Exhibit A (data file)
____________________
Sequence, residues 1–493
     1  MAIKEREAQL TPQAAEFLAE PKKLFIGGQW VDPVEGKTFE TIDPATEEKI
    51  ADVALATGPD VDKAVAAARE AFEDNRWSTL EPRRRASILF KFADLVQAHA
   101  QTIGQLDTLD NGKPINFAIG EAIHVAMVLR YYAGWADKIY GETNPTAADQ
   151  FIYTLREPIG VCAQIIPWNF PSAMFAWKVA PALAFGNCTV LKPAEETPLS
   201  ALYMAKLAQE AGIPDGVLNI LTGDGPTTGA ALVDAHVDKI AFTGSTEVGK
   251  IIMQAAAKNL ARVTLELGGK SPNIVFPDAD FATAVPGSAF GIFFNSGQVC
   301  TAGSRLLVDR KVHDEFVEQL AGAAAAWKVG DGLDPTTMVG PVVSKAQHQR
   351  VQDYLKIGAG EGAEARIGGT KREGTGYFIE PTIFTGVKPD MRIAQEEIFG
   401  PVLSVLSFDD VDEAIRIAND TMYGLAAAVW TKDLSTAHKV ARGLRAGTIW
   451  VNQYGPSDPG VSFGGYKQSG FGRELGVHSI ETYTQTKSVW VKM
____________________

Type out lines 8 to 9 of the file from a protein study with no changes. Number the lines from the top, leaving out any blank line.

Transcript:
   301  TAGSRLLVDR KVHDEFVEQL AGAAAAWKVG DGLDPTTMVG PVVSKAQHQR
   351  VQDYLKIGAG EGAEARIGGT KREGTGYFIE PTIFTGVKPD MRIAQEEIFG